The importance of diffusers’ role in controlling air movement is something MZ & Partners’ Sultan also underlines. He encourages greater collaboration between the decision-makers in this area and a more considered approach before decisions are made.
“The design must include an adequate supply of ventilation air to the breathing zone of the space and a proper selection of diffusers,” says Sultan. “As the choice of diffusers is based on the mechanical engineers and architect, both the engineer and the architect need to work together to make the final selection.
In addition, the ideal selection is dependent on the type and operation of the air supply to the diffuser. Calculation of the air quantity required by the space and the proper diffuser selection, location, and design is one of the important issues concerning air movement.”
Finally, too often overlooked on too many projects, AlMulhim emphasises how a revised approach to commissioning could go a long way to addressing the region’s problems with air movement.
“Commissioning is very important to minimise the potential for air movement problems,” he says. “The commissioning process should start early from the design stage of the project, all the way to the startup and handover of the project. A certified commissioning expert should be involved during the design to verify each element of it and the latest standard requirements needed and to enforce and implement the requirements on the construction site.
“The commissioning process task should be stated in detail as part of the construction documents by the project consultant. This will help the contractor to implement and complete the project while considering all the technical and standard requirements without any technical obstacles or performance difficulties during startup and operation of the HVAC system.”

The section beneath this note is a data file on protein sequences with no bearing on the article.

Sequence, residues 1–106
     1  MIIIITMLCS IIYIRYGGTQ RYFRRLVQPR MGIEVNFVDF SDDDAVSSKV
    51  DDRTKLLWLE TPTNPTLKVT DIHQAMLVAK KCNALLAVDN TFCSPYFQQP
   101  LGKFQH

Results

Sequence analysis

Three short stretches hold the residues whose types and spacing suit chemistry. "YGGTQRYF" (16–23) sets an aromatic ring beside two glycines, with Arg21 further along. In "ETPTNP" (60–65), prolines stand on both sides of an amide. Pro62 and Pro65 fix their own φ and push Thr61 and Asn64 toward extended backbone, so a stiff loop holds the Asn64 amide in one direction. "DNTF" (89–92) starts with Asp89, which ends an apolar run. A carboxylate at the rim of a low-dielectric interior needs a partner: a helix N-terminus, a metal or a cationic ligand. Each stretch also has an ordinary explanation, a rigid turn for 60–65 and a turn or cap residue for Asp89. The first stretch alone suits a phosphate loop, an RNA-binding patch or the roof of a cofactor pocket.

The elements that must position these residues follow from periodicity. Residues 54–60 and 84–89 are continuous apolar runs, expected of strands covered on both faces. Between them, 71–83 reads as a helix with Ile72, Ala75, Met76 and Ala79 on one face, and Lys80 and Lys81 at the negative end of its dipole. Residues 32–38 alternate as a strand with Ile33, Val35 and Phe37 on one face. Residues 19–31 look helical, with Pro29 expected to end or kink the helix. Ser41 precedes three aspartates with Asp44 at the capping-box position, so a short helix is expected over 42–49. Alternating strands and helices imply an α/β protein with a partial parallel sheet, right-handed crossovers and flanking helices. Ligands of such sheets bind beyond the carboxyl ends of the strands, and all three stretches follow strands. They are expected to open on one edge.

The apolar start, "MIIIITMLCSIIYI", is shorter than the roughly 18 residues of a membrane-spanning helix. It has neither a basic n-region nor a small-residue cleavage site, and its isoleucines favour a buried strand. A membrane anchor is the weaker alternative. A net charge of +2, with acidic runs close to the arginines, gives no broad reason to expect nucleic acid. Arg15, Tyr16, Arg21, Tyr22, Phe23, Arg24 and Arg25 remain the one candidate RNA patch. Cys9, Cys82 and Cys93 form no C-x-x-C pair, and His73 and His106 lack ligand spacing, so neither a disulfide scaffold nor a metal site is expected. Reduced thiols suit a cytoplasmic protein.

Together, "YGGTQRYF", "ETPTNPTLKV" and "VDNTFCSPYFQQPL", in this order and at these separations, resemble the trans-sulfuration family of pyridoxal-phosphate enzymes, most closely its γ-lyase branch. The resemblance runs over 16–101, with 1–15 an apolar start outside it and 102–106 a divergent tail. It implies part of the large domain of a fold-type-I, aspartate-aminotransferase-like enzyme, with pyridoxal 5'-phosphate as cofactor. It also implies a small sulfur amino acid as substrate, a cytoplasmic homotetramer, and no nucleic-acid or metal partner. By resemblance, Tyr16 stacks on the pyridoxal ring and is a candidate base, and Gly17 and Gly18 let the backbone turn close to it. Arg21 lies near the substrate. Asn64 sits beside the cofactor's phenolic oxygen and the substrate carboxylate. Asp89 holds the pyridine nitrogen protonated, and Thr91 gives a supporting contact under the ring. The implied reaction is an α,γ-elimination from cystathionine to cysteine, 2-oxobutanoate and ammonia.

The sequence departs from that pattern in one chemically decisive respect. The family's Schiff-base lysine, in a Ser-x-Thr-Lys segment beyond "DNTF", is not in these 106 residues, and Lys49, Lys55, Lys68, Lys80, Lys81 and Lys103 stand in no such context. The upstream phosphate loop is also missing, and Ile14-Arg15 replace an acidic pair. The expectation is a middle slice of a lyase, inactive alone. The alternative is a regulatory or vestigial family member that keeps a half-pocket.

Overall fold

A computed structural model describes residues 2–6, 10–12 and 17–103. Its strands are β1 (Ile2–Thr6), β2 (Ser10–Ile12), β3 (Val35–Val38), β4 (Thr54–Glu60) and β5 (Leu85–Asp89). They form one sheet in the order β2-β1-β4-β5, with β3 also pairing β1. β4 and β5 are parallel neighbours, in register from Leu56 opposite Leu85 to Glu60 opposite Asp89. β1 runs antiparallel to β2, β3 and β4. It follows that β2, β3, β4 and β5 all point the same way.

Given the longstanding careless attitude to commissioning in the region, AlMulhim’s suggestion may be wishful thinking. But it is perhaps a point that needs repeating enough times by those of influence in the industry before clients, consultants and contractors across the region take it onboard.
HVAC systems designers and installers can be as good as they come, but if a system is not taken through a prolonged and detailed testing and commissioning programme, then all of that brilliant design and installation work may be for naught. The end result: uncomfortable, dissatisfied occupants airing their HVAC grievances to landlords and building owners, all putting a stain on the consultant and contractor’s name with each complaint.